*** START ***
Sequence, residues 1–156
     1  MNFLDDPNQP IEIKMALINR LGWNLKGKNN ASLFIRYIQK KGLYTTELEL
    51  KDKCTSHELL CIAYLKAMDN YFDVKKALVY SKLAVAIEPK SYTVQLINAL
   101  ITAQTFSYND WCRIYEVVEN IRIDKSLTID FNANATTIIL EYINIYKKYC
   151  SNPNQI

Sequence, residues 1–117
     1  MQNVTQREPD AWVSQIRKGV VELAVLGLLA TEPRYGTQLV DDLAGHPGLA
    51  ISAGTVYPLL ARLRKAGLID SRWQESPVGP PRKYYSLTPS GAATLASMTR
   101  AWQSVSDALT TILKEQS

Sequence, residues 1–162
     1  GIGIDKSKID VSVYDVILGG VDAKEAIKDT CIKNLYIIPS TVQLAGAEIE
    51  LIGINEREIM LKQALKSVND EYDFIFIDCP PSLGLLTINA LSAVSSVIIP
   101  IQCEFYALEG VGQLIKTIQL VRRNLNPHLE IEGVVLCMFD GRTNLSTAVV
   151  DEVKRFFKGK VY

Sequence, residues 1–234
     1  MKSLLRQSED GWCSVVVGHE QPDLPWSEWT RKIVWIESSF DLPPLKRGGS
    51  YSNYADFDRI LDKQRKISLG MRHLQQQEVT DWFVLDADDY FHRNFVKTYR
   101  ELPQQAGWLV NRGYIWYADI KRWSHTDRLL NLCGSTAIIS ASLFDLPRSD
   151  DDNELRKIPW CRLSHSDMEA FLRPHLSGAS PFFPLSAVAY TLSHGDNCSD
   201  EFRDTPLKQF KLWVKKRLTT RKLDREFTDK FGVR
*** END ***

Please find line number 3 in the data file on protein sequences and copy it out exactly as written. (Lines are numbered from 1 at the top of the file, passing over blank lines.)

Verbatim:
    51  KDKCTSHELL CIAYLKAMDN YFDVKKALVY SKLAVAIEPK SYTVQLINAL